All Things Clock, Time and Order in Distributed Systems: Physical Time in Depth

Kousik Nath
Geek Culture
Published in
18 min readMar 9, 2021


As a human being, we take birth as a child ( 0th year), start going to school ( ~ 5th year ), university for under graduation ( ~ 18th year ), possibly post-graduation ( ~ 22nd year ), then start our career ( ~ 22nd to 24+ year ) and life moves on. The whole thing happens in a certain order: you probably can’t go to a university without completing school — you may if you are a prodigy, that’s a one-off case though. It takes on average around 20+ years to complete this journey. Once we look back on the journey, we say we have grown up so much with time, Wow!!.

Just observe, how the concept of time comes into the picture here to define a period and most importantly to define the order of events in our life.

Similarly, we derive time to define a period and order of events to enable synchronization of events in business systems. Let’s see some important use cases of ordering and time across industries:

  1. Mobile and data networks use the precise time to enable smooth synchronization among themselves so that mobile handsets can more efficiently share a limited radio spectrum.
  2. The aviation industry needs accurate weather information, so precise time is used to synchronize weather station data spread across locations.
  3. Seismic monitoring networks help researchers to quickly locate the epicentres of earthquakes and other seismic events by using precise time across the network.
  4. In order to detect electrical anomalies in a power grid, equipment and utilities need to use precise time. It helps engineers to analyze power blackouts and identify the exact point where the anomaly started.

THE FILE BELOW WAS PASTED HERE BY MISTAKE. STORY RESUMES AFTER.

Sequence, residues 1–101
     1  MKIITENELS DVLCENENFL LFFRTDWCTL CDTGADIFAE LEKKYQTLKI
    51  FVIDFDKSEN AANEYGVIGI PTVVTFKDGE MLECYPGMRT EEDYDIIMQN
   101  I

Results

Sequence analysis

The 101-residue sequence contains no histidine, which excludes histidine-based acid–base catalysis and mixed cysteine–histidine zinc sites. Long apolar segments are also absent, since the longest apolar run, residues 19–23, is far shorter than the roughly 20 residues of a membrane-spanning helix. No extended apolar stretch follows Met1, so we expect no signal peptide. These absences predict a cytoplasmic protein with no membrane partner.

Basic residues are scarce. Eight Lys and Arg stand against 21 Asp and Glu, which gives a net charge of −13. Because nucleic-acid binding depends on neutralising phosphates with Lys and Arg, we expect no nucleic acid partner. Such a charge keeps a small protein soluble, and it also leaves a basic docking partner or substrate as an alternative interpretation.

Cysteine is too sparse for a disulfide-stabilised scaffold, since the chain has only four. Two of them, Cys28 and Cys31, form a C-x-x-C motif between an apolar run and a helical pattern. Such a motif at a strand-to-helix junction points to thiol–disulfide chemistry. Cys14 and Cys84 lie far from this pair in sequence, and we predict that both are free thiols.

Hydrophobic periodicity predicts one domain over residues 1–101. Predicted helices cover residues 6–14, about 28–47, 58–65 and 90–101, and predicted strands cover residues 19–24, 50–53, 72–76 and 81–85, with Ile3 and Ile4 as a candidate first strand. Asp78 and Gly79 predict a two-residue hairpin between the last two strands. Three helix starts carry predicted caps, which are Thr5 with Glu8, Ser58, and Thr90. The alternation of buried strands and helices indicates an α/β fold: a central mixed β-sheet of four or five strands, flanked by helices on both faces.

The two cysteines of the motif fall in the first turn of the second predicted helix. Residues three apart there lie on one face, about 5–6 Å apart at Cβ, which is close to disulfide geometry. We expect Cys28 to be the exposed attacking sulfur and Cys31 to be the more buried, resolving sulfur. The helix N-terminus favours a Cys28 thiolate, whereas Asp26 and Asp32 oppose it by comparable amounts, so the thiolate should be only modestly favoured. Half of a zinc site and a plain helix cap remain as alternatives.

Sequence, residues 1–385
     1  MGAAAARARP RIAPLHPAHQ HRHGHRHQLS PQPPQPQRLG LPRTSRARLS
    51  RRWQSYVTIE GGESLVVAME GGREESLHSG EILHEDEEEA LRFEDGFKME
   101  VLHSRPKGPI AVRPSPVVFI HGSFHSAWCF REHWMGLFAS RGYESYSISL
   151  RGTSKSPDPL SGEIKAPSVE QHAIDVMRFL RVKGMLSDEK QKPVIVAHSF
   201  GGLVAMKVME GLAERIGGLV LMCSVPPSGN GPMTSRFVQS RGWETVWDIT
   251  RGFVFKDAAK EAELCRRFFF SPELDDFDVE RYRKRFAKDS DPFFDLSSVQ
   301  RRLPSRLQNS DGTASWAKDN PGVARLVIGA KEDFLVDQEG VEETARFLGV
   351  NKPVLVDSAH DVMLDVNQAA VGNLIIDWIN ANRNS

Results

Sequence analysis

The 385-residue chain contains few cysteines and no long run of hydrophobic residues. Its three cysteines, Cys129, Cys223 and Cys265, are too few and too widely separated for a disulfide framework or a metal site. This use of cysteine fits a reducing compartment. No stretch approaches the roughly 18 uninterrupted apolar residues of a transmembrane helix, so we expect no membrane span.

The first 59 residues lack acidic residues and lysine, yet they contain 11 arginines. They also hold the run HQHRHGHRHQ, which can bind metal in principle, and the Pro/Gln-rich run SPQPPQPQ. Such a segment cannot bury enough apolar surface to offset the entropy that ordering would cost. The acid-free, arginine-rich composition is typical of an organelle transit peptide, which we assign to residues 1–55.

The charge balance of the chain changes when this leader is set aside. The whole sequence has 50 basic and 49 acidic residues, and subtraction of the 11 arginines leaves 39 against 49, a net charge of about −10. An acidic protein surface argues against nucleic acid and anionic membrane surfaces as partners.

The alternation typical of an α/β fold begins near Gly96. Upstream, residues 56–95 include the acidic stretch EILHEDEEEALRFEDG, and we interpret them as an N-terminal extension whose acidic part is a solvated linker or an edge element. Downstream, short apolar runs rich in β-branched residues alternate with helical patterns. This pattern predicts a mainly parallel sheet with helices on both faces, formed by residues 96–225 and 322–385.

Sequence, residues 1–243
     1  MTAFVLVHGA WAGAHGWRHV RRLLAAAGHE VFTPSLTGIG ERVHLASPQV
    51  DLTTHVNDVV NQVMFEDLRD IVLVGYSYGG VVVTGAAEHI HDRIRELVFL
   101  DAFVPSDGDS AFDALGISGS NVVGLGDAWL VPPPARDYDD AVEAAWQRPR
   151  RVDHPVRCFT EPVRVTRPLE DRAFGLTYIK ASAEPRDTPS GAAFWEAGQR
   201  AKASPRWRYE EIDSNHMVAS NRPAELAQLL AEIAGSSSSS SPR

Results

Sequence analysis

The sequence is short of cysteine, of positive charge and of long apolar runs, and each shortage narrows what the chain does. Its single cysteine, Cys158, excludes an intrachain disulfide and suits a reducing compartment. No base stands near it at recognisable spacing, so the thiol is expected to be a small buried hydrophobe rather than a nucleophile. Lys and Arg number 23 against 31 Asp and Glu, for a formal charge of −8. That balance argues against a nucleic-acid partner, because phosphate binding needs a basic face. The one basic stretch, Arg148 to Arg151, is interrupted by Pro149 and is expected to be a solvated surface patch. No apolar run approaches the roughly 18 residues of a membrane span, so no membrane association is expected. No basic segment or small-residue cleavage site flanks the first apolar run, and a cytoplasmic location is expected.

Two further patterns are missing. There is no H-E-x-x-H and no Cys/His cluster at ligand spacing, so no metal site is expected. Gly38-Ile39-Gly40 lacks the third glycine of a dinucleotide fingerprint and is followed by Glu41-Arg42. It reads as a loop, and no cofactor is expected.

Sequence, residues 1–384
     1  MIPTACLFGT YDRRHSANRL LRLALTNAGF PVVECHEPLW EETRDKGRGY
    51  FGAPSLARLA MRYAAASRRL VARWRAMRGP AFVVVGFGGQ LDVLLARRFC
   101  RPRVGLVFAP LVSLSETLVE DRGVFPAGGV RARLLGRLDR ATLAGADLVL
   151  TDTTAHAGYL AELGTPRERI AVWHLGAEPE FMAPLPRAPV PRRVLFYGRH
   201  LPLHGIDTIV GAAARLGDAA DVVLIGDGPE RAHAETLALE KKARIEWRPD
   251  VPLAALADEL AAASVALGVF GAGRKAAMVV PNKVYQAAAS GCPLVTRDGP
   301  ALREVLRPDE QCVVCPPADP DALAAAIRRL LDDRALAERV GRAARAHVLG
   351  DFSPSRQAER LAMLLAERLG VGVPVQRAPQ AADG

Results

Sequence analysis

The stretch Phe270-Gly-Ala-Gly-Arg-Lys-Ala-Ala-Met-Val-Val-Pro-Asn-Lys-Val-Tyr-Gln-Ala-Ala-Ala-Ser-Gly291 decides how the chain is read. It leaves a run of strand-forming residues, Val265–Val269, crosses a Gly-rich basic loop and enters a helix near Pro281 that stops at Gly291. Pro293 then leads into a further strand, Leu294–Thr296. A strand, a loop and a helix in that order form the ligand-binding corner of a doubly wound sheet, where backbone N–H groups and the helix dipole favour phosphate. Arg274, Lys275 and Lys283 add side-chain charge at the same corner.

5. Industries like Hollywood are adopting precise time to control audio, video data, multi-camera sequencing to give ultimate user experience.
  6. Application and network monitoring systems are time-sensitive to help engineers efficiently detect performance issues.
  7. Stocks trading platforms, online gaming, instant messaging have their own ordering and timing requirements.

These are just some vital examples of precise time just to make you understand how important it is in general. We are more interested to understand time in the parlance of low-level distributed systems and the rest of the article focuses on that.

Q. So, to start with, where do we need ordering in distributed systems?
A. There are many use cases that require some notion of ordering in computing:
Example 1: You are in an online meeting with your team for a daily stand-up ceremony but you receive a large chunk of video frames completely unordered. Will this leave a good taste of user experience to you?
Example 2: You are debugging a critical issue in an e-commerce company where there are many consecutive service calls. When you trace the calls you see that a customer order was confirmed even before payment took place. How would you feel about that?
Example 3: Similarly in a leader-less database system, multiple machines can accept requests for the same object for better availability and they need to sync the object in such a manner that the sequence of events that happened on that object remains acceptable in the system and business logic.